Cisco, Texas

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Cisco, Texas
City
Downtown Cisco (2009)
Downtown Cisco (2009)
Motto: City of Progress
Location of Cisco, Texas
Location of Cisco, Texas
Eastland County Cisco.svg
Coordinates: 32°23′5″N 98°58′53″W / 32.38472°N 98.98139°W / 32.38472; -98.98139Coordinates: 32°23′5″N 98°58′53″W / 32.38472°N 98.98139°W / 32.38472; -98.98139
Country United States
State Texas
County Eastland
Incorporated (city) 1921
Government
 • Type Mayor-Council
 • Mayor James King
 • City Manager Johnny Carson
Area
 • Total 4.9 sq mi (12.6 km2)
 • Land 4.8 sq mi (12.6 km2)
 • Water 0.0 sq mi (0.0 km2)
Elevation 1,634 ft (498 m)
Population (2000)
 • Total 3,851
 • Density 794.1/sq mi (306.6/km2)
Time zone Central (CST) (UTC-6)
 • Summer (DST) CDT (UTC-5)
ZIP code 76437
Area code(s) 254
FIPS code 48-15004[1]
GNIS feature ID 1332853[2]
Website cityofcisco.com

Cisco is a city in Eastland County, Texas, United States. The population was 3,899 at the 2010 census.

History[edit]

Cisco, at the intersection of U.S. Highway 183 and Interstate Highway 20, in northwestern Eastland County, traces its history back to 1878 or 1879, when Rev. C. G. Stevens arrived in the area, established a post office and a church, and called the frontier settlement Red Gap. About six families were already living nearby, and W. T. Caldwell was running a store a half mile to the west. In 1881 the Houston and Texas Central Railway crossed the Texas and Pacific, which had come through the year before, at a point near Red Gap, and the settlement's inhabitants moved their town to the crossing. Three years later the town was officially recognized and a new post office granted; the town's name was changed to Cisco for John A. Cisco, a New York financier largely responsible for the building of the Houston and Texas Central. Railroads continued to influence the development of Cisco as the Texas and Pacific acquired lots in the town and sold them to immigrants attracted by brochures touting the town as the "Gate City of the West." Once settlers arrived, agricultural agents employed by the railroad advised them what and when to plant and on occasion provided the seed. During the 1880s a Mrs. Haws built and managed the first hotel, and Mrs. J. D. Alexander brought the first "millinery and fancy goods" to town. Following a practice common at the time, religious groups in Cisco met together for prayer meetings in the schoolhouse until they could build separate churches. By 1892 Cisco was a growing community with two newspapers, a bank, and an economy based on trade, ranching, fruit farming, and the limestone, coal, and iron ore available nearby. A broom factory and roller corn and flour mills were among the town's fifty-six businesses. In 1893 a tornado hit Cisco, killing twenty-eight people and destroying or damaging most of its homes and businesses.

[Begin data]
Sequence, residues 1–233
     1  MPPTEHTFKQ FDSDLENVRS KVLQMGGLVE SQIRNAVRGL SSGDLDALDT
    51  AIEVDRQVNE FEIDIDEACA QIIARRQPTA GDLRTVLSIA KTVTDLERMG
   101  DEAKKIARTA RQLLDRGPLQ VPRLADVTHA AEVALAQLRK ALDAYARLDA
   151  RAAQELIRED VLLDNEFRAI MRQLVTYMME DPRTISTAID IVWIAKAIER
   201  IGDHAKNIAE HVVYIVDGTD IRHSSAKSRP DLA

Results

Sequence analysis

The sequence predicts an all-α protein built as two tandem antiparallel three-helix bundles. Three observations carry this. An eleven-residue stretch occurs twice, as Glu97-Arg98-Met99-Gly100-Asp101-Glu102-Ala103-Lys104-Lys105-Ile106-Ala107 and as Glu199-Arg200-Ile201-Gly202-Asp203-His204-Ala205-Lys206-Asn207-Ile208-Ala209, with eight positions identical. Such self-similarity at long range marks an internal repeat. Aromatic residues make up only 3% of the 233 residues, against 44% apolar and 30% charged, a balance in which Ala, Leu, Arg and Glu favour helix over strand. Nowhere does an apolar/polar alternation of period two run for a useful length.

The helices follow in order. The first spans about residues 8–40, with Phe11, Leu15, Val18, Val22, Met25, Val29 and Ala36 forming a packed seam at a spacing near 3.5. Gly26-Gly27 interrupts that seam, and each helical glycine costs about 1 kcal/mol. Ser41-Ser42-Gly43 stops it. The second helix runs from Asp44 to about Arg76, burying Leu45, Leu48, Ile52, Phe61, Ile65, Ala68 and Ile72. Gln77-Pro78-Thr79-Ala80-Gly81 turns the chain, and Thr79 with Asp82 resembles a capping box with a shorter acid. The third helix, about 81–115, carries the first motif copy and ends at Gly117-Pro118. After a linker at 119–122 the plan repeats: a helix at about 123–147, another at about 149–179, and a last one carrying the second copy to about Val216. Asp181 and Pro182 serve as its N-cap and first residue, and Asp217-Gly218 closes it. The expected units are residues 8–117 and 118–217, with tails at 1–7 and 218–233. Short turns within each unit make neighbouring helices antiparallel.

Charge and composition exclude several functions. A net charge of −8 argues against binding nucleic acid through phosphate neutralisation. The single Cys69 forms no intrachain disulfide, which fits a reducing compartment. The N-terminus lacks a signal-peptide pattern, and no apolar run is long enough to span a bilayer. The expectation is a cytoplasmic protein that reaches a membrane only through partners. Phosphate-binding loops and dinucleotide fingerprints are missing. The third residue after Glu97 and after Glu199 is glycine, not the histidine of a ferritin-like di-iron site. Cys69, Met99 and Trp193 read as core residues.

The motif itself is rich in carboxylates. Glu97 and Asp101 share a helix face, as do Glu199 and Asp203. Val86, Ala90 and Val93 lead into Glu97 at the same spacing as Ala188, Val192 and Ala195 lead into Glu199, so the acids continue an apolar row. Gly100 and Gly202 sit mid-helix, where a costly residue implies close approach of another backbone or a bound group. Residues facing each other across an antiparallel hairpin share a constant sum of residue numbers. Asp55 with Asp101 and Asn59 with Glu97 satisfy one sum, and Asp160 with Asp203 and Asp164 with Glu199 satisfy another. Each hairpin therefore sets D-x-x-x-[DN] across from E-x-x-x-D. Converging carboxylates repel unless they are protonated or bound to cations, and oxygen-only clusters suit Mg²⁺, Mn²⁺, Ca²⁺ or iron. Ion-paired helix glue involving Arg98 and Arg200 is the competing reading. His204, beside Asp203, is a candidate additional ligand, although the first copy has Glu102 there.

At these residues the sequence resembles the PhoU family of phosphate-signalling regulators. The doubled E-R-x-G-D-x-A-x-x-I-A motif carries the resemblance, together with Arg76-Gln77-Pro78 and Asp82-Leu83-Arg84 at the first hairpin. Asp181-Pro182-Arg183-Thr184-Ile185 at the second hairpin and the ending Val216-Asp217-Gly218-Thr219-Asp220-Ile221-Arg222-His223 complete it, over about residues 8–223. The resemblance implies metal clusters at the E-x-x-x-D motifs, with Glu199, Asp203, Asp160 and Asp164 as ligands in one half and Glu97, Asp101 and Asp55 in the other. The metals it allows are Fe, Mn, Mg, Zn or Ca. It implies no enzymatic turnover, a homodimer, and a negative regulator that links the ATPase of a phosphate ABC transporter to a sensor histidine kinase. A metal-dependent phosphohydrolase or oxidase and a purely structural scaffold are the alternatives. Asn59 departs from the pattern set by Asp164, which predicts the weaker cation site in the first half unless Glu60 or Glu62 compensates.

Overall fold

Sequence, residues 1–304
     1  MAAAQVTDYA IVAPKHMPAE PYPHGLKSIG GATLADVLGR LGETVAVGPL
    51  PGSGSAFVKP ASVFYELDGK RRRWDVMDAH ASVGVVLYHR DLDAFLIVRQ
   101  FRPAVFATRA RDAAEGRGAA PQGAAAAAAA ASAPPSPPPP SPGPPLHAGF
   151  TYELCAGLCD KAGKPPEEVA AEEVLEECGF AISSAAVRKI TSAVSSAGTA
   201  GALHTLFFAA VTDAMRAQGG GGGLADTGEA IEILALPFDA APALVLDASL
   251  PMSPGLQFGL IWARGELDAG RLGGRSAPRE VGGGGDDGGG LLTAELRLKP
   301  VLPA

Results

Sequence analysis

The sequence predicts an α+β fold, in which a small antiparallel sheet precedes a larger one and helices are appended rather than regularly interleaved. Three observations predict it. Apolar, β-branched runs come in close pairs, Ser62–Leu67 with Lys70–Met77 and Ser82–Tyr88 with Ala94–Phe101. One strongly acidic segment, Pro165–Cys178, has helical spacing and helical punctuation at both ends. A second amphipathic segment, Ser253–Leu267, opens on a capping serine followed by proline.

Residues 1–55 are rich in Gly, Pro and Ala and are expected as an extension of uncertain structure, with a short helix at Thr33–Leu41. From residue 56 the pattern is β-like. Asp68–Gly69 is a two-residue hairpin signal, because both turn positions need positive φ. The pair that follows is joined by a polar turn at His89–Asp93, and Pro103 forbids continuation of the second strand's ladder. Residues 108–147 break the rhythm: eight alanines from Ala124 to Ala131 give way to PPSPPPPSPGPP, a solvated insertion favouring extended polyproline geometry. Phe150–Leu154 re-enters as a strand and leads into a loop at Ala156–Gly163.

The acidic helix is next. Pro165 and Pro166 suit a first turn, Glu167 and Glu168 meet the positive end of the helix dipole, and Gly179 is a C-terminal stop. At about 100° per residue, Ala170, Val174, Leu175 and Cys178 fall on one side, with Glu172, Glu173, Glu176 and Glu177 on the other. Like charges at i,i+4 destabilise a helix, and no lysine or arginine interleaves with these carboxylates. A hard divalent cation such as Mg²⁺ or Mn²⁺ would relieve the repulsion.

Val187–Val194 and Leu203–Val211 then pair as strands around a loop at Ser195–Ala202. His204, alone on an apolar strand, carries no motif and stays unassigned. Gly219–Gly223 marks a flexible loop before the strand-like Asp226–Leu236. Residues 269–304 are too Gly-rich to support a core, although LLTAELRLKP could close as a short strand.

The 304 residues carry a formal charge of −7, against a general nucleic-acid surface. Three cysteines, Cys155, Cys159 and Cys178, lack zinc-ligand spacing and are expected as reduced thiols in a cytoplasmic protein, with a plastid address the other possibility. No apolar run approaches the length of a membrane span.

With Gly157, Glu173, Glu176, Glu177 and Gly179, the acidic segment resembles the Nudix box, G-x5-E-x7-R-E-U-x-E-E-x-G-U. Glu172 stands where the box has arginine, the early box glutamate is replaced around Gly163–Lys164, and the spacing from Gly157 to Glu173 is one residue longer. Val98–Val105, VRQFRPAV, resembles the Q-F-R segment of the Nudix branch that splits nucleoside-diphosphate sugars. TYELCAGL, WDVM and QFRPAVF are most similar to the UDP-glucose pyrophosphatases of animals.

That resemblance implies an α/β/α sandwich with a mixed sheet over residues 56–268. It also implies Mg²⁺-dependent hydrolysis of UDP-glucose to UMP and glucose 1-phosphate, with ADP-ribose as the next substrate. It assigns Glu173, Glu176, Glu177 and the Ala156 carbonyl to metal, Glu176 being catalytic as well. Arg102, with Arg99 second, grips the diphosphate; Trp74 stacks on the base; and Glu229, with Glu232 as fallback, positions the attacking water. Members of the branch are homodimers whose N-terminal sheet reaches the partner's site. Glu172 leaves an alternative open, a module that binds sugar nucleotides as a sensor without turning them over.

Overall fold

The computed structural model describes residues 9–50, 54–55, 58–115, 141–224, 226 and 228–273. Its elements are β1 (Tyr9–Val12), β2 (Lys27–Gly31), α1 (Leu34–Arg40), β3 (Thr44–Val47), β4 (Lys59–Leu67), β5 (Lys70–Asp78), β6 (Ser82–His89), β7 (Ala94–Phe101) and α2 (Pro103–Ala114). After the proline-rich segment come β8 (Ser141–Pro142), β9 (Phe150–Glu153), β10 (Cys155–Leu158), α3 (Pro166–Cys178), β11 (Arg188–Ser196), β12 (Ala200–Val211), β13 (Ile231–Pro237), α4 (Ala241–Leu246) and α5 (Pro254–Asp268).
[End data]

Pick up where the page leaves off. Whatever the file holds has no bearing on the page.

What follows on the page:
Conrad Hilton started the Hilton Hotel chain with a single hotel bought in Cisco. Hilton came to Cisco to buy a bank, but the bank cost too much; so he purchased the Mobley Hotel in 1919. The hotel is now a local museum and community center.[3]

During the 1920s, Cisco, like nearby Ranger, Eastland, and Desdemona, was a petroleum boomtown.[4] Although Cisco played a relatively minor role in the Eastland County oil boom of 1919–21, its population grew rapidly at the time, with some estimates as high as 15,000; in the wake of the boom, Cisco adopted a city charter and built a new railroad station that cost $25,000, a value of $310,597.88 in 2015. [5]

In 1925, the first annual meeting of the West Texas Historical Association was held in Cisco. The association, formed in 1924, was then based at Hardin-Simmons University in Abilene but moved in 1998 to Texas Tech University in Lubbock.[6]

The Santa Claus Bank Robbery occurred in Cisco on December 23, 1927, when Marshall Ratliff and his gang attempted to rob the First National Bank. As of August 2009, the bank site is occupied by an auto parts store, with a Texas Historical Commission sign commemorating the event.[7]